Saturday, 12 July 2014

Founder's Thoughts: Arty Facts

Wishing to take a break from worldly matters I've decided to return to the arts which is rather ironic as it always concerns itself with worldly matters. The arts have always been an outlet for human thoughts and feelings. It is where we find our fears and dreams and many an insight as to how to make both happen in reality. Unlike sports, the arts has and will always be an early warning system for troubles brewing, but in common with sport it provides an outlet for the relief of tension when they are upon us. Artists, like historians seem to be the keepers of information on past events pertaining to humanity's progress more than any other group.

My own stance is that art's greatest value is in being able to provide a voice to those who would otherwise have none. Via art we can heal by sharing our troubles and fears by working through them as well as expressing our hopes and dreams to find a way of making better things happen. From dance to drama, from music to literature and from to sculpture to painting, photography, print and embroidery everyone can and should be able to express what it is to be alive.

No artwork is ever quite complete without a response to it. We prove our existence by sharing experiences both good and bad and the arts enable us to do so relatively safely compared to other forms of dialogue. We seem to have greater options of control over who we choose to share things with when being creative as well as how we do so. Outside of counselling, art is the only place we explore ourselves and the world around us at the same time.

Artists in Training

The professional training of an artist in any discipline, is a curious process. Unlike any other profession the trainee artiste is encouraged to explore everything and make as many mistakes as possible so long as they take adequate precaution against injuries or death. Some are trained technically from the outset while others are trained to be expressive so that technique becomes secondary if applied at all.

Like anything else the more we do a thing, the better we become at it which goes a long way to explain why simply being expressive can result in being technically brilliant over a long period of time. Conversely, without thinking, a technically adept artist can become extremely expressive.

It is not surprising that artworks cause controversy, much of it is designed to. The artist both consciously and subconsciously questions just about everything. Rather like Socrates most artists tend not to bother with providing answers, preferring to complete their masterpiece by allowing you the audience to decide that thereby quite rightly relinquishing all responsibility for your response. In many respects I feel art's role is meant to be awkward, fickle and contradictory for it's purpose above all is to reflect what it is to be human and in the process query our morality and logic. Hence why all art is said to mirror life. The result of your response to an artwork reveals much more about you than it does the artist to which invariably the artist will respond. In that regard it is a perpetually beautiful circular relationship if at times frustrating for both parties.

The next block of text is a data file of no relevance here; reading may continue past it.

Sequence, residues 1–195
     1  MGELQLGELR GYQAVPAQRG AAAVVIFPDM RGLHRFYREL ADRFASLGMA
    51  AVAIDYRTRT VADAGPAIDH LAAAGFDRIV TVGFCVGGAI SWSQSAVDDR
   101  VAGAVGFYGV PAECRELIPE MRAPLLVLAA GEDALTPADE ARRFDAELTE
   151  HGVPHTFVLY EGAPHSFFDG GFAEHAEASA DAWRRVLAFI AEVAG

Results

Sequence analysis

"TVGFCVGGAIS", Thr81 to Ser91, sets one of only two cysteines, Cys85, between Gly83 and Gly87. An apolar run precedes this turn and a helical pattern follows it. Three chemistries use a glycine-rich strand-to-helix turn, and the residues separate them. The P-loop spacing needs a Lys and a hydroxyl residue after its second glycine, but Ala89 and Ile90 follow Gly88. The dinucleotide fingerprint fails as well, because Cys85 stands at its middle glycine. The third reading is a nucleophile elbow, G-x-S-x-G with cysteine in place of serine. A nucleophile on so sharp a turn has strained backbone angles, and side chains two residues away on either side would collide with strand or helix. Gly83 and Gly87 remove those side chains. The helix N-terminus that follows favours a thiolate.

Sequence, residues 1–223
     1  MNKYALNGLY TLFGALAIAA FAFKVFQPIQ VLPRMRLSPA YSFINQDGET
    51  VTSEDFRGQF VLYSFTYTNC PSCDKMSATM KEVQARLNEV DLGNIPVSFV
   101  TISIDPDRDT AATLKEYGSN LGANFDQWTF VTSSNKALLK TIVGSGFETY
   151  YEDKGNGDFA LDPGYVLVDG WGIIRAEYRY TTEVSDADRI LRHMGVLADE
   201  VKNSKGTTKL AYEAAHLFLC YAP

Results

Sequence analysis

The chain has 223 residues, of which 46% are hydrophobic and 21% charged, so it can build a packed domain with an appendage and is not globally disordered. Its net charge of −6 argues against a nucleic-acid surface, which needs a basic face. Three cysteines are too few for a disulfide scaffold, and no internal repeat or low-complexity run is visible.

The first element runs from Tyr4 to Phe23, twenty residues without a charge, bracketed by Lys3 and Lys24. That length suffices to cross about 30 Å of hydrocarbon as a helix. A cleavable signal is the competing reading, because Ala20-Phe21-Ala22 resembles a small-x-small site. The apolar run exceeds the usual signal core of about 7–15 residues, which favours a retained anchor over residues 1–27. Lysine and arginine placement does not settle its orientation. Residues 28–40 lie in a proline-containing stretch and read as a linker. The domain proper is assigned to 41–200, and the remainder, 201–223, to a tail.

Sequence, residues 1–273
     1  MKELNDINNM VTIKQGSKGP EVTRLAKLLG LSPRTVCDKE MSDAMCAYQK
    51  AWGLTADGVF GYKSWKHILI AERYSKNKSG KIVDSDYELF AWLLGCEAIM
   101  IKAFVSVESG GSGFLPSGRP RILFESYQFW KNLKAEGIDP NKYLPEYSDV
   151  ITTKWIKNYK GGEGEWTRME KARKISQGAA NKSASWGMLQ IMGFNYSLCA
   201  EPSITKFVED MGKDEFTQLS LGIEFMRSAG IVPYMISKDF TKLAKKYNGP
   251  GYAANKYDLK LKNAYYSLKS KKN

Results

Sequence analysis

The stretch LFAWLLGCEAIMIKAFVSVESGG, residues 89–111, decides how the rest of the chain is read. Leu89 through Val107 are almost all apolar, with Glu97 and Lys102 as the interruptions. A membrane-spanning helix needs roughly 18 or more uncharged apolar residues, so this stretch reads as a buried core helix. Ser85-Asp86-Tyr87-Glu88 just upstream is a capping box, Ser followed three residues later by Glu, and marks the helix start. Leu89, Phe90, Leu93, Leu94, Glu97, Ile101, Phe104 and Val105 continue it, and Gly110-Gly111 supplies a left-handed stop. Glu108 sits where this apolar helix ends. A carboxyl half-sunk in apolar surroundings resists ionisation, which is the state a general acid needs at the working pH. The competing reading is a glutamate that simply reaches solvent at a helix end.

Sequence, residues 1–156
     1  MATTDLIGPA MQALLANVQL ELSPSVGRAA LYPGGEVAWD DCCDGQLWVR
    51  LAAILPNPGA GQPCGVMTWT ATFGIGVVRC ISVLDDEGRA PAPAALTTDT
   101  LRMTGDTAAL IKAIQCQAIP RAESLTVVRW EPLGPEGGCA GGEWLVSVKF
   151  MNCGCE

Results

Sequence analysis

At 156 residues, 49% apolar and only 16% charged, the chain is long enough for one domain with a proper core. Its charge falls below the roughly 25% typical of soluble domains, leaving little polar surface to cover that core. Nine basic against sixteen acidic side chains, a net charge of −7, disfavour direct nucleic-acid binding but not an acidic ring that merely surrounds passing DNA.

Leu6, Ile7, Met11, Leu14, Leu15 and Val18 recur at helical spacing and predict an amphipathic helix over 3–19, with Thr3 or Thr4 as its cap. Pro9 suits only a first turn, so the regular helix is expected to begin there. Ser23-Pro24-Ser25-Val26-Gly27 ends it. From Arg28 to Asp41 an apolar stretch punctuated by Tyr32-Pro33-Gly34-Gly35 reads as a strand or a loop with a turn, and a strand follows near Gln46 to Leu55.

Enabled while Disabled

As yet I haven't got round to crowdfunding for my kiln which is a pity as my home is rather awash with unfired pieces now, some more understandable and readily accessible than others. I seem to have got sidetracked by more pressing matters - I can't think why.

I'm not entirely sure what exactly I had in my mind when I made this piece. All I do know is that each time I experience it my response changes because whereas it doesn't change, I am always evolving. Artists are extremely changeable. Few realise why but it is simply because thoughts and feelings are transient unless and until we feed them. Best to be careful over which we feed. As human beings we are always changing as new experiences teach us new things to alter our perspective. If this wasn't true we would still retain the same attitude and behaviour as we displayed the day we were born. Sometimes I look upon a creative effort and pat myself on the back for the skill I have used, on another day I can look on the same piece and observe how much skill was lacking to make it.

We can all feel so sure no one could mistake what we've tried to convey to others only to find we've missed out on how they relate to the world. The result can be and often is that we find ourselves completely misunderstood. Our options is to try again if it seems worthy of our time and effort but it often requires a different approach, technique or angle to connect with beings even stranger than ourselves, even among our own species.

What relevance has this to worldly things? As every true scientist and artist knows every action has an equal and opposite reaction in nature. As human beings I feel we need to be careful to avoid violent extremes.
My personal view is that we should examine everything we do by both its merits and its short-comings before choosing what to do next. We should I think take time to learn how to communicate with those we wish to open dialogues with as a first step; more so from those who are never given much in the way of opportunities to express themselves at all. I think we could learn the most from them but then as an artist with scientific leanings I'm rather partial to exploring the unknown.

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